Comparative genomics is a powerful means for establishing relationships between gene function and location in a range of organisms. Moreover it allows insight into large-scale genomic rearrangements, conservation of functional elements and tracing of evolutionary phylogenies through the examination of both closely and distantly related species. The completion of the chicken (Gallus gallus, GGA) genome  and its associated resources provide the basis for the rapid development of detailed genomic information, potentially in all other birds. The most powerful strategies combine in-silico and experimental approaches, e.g. sequence comparison, cross-species fluorescent in-situ hybridization (zoo-FISH) [2, 3] and, more recently, the use of whole-genome tiling path microarrays for cross-species array comparative genomic hybridization (array CGH) [4–8]. Such a combination of modalities provides information on gross genomic rearrangements, gene gains/losses, copy number variation and gene order.
Following the completion of the chicken genome sequence assembly , one of the most obvious targets for comparative genomics in birds is the turkey (Meleagris gallopavo, MGA). Turkey is an agriculturally important species accounting for over 4.5 million tonnes of meat consumed per year worldwide, with the obvious cultural associations such as Christmas and Thanksgiving. Genetic mapping efforts in the turkey have focused on linkage mapping [9–13] and the physical information available is very limited. With 2n = 78 in the chicken and 2n = 80 in the turkey, about 10 pairs of macro- and 28–30 pairs of microchromosomes in both species, the karyotypes of chicken and turkey are quite similar to the hypothetical ancestral Galliform karyotype . Chromosome banding and zoo-FISH with chromosome paints for chicken chromosomes GGA1–9 and Z in a range of Galliform species have suggested that chicken and turkey karyotypes are distinguished by at least two interchromosomal rearrangements [15, 16]. That is, the orthologues of chicken chromosomes GGA2 and 4 are represented by turkey chromosomes MGA3 & 6, and 4 & 9 respectively . Comparisons of a series of other Galliformes suggest that GGA2 is the ancestral form (the acrocentric MGA3 and MGA6 suggesting a breakpoint in the short arm just above the centromere). By contrast, the most parsimonious explanation for the formation of the sub-metacentric GGA4 suggests a fusion of an ancestral acrocentric chromosome 4 with a smaller chromosome . This fusion model is supported by sequence evidence which suggests that GGA4p retains the properties (e.g. high gene density, high recombination frequency) of the smaller chromosome it once was . The chromosomal break- and fusion points involved in these rearrangements however have not been characterized in detail, nor has gene order on macrochromosomes; moreover no molecular evidence has yet been generated regarding synteny between microchromosomes though simple chromosome counts suggest extensive conservation.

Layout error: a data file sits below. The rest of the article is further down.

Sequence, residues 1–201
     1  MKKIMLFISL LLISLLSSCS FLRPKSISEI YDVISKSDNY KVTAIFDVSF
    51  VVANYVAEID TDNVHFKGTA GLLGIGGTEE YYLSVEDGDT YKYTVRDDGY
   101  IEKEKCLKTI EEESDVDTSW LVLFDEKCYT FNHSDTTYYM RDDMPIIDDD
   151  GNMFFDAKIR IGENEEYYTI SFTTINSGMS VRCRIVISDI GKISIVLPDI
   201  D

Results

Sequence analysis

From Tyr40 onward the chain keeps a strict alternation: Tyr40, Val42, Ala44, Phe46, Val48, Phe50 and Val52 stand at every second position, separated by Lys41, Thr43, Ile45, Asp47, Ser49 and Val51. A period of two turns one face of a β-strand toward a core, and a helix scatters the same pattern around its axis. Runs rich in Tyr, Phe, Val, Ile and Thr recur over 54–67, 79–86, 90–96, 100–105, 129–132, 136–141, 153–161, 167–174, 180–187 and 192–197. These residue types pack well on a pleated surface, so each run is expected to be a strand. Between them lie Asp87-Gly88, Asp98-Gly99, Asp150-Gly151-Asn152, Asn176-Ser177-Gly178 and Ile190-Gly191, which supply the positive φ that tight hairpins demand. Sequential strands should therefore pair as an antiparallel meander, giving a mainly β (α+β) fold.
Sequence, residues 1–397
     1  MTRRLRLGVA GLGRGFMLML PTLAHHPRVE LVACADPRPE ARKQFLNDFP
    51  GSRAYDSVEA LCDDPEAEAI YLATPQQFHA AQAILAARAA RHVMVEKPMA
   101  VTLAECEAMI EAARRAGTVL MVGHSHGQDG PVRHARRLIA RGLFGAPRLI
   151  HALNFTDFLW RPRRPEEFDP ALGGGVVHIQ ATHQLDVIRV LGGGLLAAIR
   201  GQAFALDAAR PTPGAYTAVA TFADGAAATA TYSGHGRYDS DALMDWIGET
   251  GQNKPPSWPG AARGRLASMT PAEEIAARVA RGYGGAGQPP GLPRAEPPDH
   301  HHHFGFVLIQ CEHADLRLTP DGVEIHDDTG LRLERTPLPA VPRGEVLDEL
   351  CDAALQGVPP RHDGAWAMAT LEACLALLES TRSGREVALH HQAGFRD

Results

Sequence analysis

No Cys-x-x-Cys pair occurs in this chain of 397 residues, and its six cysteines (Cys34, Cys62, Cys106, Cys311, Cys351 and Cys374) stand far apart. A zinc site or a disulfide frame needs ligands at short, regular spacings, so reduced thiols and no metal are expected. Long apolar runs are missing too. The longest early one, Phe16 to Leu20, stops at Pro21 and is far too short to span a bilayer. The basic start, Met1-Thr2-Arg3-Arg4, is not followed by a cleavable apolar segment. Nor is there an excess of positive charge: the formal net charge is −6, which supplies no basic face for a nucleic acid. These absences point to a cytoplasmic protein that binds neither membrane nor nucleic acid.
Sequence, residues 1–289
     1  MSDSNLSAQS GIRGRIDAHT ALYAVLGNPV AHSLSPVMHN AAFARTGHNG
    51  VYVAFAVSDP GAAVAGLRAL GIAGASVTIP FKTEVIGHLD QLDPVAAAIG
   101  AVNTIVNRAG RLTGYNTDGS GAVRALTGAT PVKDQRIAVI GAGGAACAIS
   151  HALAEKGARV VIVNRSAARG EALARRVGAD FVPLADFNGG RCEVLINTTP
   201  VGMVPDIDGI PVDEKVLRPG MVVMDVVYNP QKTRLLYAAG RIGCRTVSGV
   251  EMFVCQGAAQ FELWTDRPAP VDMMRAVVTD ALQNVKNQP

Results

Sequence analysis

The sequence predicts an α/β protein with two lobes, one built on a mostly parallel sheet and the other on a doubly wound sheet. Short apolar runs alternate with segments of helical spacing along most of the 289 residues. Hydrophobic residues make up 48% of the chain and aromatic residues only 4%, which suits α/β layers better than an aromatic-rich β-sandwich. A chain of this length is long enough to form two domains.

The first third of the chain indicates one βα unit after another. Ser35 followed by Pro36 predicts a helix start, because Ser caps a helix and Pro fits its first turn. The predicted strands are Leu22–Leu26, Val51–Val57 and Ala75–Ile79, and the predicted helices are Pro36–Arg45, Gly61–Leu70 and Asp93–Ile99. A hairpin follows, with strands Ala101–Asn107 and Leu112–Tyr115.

To the best of our knowledge, no study has examined inter-specific differences in copy number variants (CNVs) between birds. CNVs are defined as copy number changes involving DNA fragments that are ~1 kb or larger , with the exception of insertions or deletions of transposable elements . Recent high-resolution, high-throughput techniques for genomic analysis such as array CGH and quantitative (real-time) PCR as well as in-silico approaches have revealed a significant contribution of CNVs to human genetic variation [18, 19], and studies in humans and other primates have suggested an important role for CNVs in disease-related as well as normal phenotypic variation [18, 19] and in evolutionary adaptation [4–6, 20–22]. However, the paucity of data and the almost exclusive focus on primates preclude any general conclusions about the significance of CNVs in phenotypic variation and evolution; data from other species is therefore essential.
In this paper, by examination of chicken and turkey genomes for chromosomal and CNV differences we test the hypothesis that Galliform genomes have remained relatively stable during ~28 million years of evolution compared to an equivalent period in mammals. To date, this information has been limited to zoo-FISH of chicken chromosome paints on other species and partial karyotypes but these early studies do suggest relative stability of the avian genome compared to the mammalian one. We thus present a detailed comparative cytogenetic map of the turkey based on reciprocal zoo-FISH with chicken and turkey macrochromosome paints, zoo-FISH with chicken microchromosome paints and single/dual color FISH mapping of more than 300 chicken BACs to turkey metaphases. In addition, we provide a molecular characterization of inter- and intra-chromosomal rearrangements by FISH mapping of BACs to chicken metaphase chromosomes, painting of chicken lampbrush chromosomes with turkey chromosome paints and hybridization of turkey chromosome paints onto a chicken whole genome tiling array. Finally, we present comparative data on CNVs in chicken and turkey, which constitute the first array CGH-based data set on inter-specific differences of CNVs in birds.